Guaido's Costa Rica Envoy Rebuked for Trying to Move in Early
(Bloomberg) -- Venezuelan opposition leader Juan Guaido’s envoy to Costa Rica got off to a rocky start with the government of President Carlos Alvarado after she entered Venezuela’s Embassy in San Jose before the deadline to vacate given to the staff loyal to President Nicolas Maduro had expired.
Guaido named Maria Faria as his ambassador to Costa Rica, one of the more than 30 governments that recognizes him to be Venezuela’s president. Costa Rica had given the ambassador loyal to Maduro 60 days to stand down, but Faria entered the embassy before time was up, earning an official rebuke.
Costa Rica’s Foreign Affairs Ministry said in a statement that it "deplores the unacceptable entry to the Venezuelan Embassy in Costa Rica," and said the move "damages fundamental diplomatic norms."
On Wednesday evening, Costa Rican police had the block where the embassy is located under guard. A police commander told reporters that Guaido-aligned staffers were inside the embassy and wouldn’t allow Maduro staffers entry and also said that four protesters outside the embassy were Maduro supporters. The embassy sits across the street from the residence of Maduro’s envoy.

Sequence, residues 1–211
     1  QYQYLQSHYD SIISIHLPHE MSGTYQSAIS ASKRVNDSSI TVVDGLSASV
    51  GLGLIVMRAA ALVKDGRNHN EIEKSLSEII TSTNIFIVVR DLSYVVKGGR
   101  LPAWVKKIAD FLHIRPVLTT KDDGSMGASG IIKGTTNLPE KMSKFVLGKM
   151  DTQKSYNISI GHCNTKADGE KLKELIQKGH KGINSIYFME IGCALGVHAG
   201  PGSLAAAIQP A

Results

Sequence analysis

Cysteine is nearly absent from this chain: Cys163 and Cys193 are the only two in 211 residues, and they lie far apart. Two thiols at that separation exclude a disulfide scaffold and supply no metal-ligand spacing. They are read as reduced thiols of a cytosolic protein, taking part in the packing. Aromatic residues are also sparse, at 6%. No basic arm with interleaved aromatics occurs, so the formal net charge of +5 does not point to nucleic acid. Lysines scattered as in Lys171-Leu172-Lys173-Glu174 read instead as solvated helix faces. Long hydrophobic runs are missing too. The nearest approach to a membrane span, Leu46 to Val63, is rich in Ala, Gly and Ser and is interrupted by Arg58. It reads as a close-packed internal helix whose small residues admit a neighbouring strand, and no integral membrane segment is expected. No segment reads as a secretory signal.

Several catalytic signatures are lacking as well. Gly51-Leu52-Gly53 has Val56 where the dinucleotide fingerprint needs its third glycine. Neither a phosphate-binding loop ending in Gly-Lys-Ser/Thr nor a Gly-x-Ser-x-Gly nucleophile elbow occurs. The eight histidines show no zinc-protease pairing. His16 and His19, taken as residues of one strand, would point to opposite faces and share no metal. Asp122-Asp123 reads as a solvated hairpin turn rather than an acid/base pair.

Guaido on Jan. 23 declared himself Venezuela’s leader until a free election can be called, and was swiftly recognized by the U.S. as president. Despite this, Maduro continues to control the military and the government.
Costa Rican authorities cannot enter the embassy, so the two sides will need to reach an agreement, said Shirley Campos, a press officer at the Foreign Affairs Ministry.
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